Power of Attorney
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Power of Attorney
The person you designate as your power of attorney will have the ability to make legal decisions on your behalf if you become incapacitated. The designated individual may be given many or limited powers regarding decisions involving your health, property, and investments. Your power of attorney may be used in conjunction with a living will to make decisions should you face illness later in life.
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Still Have Questions?
A power of attorney is a legal document that allows you to appoint someone else to act on your behalf. It is essential because it can ensure that your affairs are managed properly if you need help to do so yourself.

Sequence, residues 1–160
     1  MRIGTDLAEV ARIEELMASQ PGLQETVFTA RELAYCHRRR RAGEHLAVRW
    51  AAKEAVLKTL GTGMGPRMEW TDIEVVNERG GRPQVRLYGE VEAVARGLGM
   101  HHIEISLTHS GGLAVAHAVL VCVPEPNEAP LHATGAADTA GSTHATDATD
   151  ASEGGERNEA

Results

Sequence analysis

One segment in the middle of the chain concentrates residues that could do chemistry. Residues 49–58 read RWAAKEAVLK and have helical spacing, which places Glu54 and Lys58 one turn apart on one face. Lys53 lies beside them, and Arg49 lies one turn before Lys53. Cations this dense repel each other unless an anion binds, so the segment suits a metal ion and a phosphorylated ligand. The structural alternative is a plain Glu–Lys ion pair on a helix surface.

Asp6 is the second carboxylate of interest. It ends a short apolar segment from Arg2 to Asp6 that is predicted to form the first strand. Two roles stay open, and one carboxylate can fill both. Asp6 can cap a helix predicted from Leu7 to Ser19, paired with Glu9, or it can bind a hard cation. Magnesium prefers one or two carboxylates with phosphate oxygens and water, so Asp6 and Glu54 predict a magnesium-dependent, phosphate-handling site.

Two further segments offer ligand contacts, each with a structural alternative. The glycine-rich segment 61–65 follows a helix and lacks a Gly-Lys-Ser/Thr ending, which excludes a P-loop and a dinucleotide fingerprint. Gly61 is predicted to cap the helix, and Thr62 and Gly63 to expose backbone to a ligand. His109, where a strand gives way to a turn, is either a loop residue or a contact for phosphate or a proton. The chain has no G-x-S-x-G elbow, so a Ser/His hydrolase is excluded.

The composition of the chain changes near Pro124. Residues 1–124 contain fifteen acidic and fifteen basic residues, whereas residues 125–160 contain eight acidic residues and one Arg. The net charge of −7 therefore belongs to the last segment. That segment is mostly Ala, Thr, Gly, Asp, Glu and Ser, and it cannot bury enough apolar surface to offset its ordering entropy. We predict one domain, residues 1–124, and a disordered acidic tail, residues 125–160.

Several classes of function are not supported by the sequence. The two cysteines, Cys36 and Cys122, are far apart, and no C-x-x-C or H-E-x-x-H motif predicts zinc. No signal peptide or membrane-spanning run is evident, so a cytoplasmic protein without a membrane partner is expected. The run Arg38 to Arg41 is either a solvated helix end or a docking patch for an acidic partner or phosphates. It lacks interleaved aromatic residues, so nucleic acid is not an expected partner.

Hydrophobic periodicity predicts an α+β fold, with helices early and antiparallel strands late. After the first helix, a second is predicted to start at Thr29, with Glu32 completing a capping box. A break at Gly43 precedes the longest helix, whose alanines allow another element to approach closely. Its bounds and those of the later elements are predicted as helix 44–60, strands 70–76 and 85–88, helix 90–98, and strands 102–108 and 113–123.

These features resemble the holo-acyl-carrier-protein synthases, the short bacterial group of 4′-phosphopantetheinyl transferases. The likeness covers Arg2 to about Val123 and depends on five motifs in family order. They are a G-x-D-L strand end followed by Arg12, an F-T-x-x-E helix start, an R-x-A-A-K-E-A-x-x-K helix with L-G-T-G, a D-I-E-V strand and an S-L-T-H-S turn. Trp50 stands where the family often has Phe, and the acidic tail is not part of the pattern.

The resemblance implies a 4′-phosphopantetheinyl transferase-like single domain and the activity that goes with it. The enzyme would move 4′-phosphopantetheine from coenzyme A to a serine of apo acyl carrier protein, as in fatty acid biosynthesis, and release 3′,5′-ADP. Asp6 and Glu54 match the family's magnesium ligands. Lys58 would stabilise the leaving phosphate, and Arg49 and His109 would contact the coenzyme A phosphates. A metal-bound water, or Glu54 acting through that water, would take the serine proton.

Several types of powers of attorney are available, including durable power of attorney, the limited power of attorney, and healthcare power of attorney.
While it is possible to create a power of attorney on your own, it is highly recommended that you work with an experienced attorney. An attorney can help ensure that your power of attorney is legally sound and that your wishes are carried out.
Yes, you can revoke a power of attorney at any time. It is essential to update your power of attorney if circumstances change or you no longer trust the person you appointed.
Your POA cannot amend your will or vote on your behalf.
Are there risks associated with naming a POA?
If you have not already been legally designated as their POA, it may be necessary to go to court to be named the conservator or guardian of the incapacitated individual.